The Big Idea: Stella Parks
Posted on August 16, 2017 Posted by John Scalzi 12 Comments
I’ve eaten Stella Parks‘ desserts, and, oh, man, they are so good. So I’m delighted to give her space today to let her tell you about her debut cookbook BraveTart, which examines and celebrates a branch of America’s culinary tradition Parks thinks is overlooked and underappreciated. Is she right? Read on.
When people hear that I’m a classically trained pastry chef or that I work at a place called Serious Eats, most everyone will ask how I got my start. I can’t help but imagine they want to hear about a magical summer in France or else how I learned to bake at my mother’s side. Maybe they want me to say that I always loved Julia Child, or that I saved up my allowance to buy my first croissant. Trouble is, it didn’t happen that way at all.
I grew up in suburban Kentucky, my summers spent with Puddin’ Pops on the porch, my winters passed one mug of Swiss Miss at a time. I loved the tongue-scorching sweetness of a McDonald’s apple pie from the drive-thru window and the muffled scrape of a plastic spoon against the bottom of a chocolate pudding cup (the tinfoil lid curled back and licked clean, natch). At the supermarket, I learned the heft to a tube of cookie dough, the lightness in a bag of marshmallows, and the rattle of rainbow sprinkles in a plastic jar. That’s how I got my start—somewhere between the milk-logged squish of an Oreo and the snap of a Crunch bar.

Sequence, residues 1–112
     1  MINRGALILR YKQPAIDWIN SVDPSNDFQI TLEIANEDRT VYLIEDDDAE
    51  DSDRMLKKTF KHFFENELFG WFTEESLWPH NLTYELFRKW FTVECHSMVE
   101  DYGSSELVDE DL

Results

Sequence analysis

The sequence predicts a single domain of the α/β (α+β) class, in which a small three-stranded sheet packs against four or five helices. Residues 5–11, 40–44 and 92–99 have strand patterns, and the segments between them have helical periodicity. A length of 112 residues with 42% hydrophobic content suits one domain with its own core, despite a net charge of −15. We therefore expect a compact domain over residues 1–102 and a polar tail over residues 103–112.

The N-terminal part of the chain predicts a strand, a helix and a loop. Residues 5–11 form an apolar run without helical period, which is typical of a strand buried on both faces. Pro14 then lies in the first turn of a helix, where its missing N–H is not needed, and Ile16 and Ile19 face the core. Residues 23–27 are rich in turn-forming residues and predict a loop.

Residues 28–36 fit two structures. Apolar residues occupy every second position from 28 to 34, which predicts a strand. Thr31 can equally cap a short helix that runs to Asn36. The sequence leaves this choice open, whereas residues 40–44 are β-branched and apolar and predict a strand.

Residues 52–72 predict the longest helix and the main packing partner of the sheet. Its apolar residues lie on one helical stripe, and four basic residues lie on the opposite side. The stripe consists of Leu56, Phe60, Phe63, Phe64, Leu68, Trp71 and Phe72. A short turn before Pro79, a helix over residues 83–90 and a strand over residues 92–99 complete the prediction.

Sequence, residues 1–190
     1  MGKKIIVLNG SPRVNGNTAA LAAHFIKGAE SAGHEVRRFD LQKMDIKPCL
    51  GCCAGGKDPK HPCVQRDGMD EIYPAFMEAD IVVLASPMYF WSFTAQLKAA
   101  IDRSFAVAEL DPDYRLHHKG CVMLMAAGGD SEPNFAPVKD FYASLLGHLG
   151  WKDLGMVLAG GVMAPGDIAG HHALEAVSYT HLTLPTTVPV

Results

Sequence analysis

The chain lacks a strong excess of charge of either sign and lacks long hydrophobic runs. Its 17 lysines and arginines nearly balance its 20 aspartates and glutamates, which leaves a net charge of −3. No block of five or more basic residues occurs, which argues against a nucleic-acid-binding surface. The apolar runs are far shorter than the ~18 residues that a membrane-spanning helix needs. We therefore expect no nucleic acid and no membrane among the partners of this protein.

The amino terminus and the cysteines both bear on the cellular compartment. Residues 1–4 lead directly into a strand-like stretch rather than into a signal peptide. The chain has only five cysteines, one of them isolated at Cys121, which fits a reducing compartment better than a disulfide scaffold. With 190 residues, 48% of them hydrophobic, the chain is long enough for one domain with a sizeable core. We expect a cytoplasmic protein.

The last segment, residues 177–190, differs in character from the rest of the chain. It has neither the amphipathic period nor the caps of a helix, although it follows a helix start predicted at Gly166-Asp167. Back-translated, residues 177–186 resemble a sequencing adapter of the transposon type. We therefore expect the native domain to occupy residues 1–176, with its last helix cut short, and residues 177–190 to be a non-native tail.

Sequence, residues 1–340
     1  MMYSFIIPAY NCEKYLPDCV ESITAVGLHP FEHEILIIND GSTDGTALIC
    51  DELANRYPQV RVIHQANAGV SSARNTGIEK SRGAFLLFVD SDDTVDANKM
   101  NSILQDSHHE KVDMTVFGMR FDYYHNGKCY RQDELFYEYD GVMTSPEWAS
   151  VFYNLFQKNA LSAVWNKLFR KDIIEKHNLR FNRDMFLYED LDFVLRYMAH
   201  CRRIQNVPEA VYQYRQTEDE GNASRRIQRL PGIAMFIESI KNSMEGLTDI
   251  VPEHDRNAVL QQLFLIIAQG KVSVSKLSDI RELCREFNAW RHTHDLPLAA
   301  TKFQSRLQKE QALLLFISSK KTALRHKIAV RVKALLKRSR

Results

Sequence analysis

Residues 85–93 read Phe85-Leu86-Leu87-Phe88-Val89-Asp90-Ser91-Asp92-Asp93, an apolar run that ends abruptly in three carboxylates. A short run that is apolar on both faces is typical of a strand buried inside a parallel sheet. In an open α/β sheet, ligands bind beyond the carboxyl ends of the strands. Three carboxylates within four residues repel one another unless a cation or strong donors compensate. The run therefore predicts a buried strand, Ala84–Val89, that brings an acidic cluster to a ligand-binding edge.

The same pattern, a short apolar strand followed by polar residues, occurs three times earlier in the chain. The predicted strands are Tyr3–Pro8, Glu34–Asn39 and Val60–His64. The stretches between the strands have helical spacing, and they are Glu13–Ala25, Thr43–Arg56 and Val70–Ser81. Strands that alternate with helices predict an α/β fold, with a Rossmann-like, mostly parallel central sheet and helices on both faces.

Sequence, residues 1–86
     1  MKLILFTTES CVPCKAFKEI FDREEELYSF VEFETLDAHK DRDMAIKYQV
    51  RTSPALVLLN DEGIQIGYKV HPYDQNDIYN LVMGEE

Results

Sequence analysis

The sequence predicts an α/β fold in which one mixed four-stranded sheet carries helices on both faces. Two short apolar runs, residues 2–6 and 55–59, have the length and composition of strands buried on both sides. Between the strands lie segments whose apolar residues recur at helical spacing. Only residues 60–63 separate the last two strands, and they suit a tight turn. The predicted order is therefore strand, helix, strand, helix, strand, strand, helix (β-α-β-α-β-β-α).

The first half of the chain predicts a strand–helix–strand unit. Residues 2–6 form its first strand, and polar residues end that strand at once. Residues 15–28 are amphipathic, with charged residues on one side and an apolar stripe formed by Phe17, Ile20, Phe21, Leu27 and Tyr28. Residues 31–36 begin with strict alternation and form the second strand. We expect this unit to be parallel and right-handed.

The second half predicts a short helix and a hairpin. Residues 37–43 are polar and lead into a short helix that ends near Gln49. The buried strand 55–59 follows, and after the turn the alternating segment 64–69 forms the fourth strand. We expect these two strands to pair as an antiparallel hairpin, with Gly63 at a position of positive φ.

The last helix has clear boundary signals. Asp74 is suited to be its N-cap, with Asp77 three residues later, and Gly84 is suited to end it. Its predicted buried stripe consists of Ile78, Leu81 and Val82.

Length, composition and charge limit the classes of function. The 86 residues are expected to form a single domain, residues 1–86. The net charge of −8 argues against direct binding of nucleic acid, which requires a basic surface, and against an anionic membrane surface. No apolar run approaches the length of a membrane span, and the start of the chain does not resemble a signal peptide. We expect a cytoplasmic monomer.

Sure, it sounds a little trashy compared to that whole Proust thing with madeleines and tea, but I find those bites are just as transportive, little triggers that send me flying back through time. Chances are, if you grew up in America, you’ve got some memories like that as well. Maybe it’s the a dollop of Cool Whip on pumpkin pie, the sticky fingered bliss of an ice cream sandwich, or that familiar slab of birthday cake on the conference room table. Those shared experiences, however mundane, connect us across most every demographic.
It’s a common phenomenon, but a culinary tradition we pay little respect—we call it junk food. Truth is, mass produced snacks have a lineage as respectable as any other. Animal crackers, vanilla wafers, and Fig Newtons all date back to the 1800s, and even newcomers like Rice Krispies Treats, Reese’s Cups, and Milky Way bars are nearly a hundred years old. For anyone raised in America and alive today, these sweets have always been a familiar part of life. Yet they’re not really ours; industrial formulas are subject to change or even cancellation outright (RIP, Coke Zero; adios, Magic Middles).
So when I set out to write a cookbook about American desserts, I knew I couldn’t leave the “junk food” behind. It had damn well earned a place at the table—right alongside “proper” American desserts like devil’s food cake, chocolate chip cookies, and apple pie. With that mandate in mind, I spent nearly six years writing, researching, and developing recipes for everything from Snickers to snickerdoodles. In the end, I don’t think of it as a cookbook so much as a culinary time capsule, stuffed full of recipes, vintage images, history, and photography to tell the story of American desserts as a whole.
BraveTart: Iconic American Desserts: Amazon|Barnes & Noble|Indiebound|Powell’s
Visit the author on Serious Eats, Twitter, and Instagram, or on tour.
Oh Yum! This takes me back to the Tasty Freeze chocolate shake – I don’t think it was actually called a shake, and maybe it tasted a little bit like Wendy’s Frosties. There’s a whole story there, but I won’t bore you with it. Just know that one short blog took me right back to the beginning of my memory. it may be junk food, but it’s very much a part of my life.